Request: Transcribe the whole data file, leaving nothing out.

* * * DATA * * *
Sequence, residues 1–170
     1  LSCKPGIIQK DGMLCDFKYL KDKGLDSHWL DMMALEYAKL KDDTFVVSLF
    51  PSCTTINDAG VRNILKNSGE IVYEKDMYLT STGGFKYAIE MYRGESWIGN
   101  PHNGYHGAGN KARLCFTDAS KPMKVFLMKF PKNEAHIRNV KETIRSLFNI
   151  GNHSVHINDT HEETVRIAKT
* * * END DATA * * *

Sequence, residues 1–170
     1  LSCKPGIIQK DGMLCDFKYL KDKGLDSHWL DMMALEYAKL KDDTFVVSLF
    51  PSCTTINDAG VRNILKNSGE IVYEKDMYLT STGGFKYAIE MYRGESWIGN
   101  PHNGYHGAGN KARLCFTDAS KPMKVFLMKF PKNEAHIRNV KETIRSLFNI
   151  GNHSVHINDT HEETVRIAKT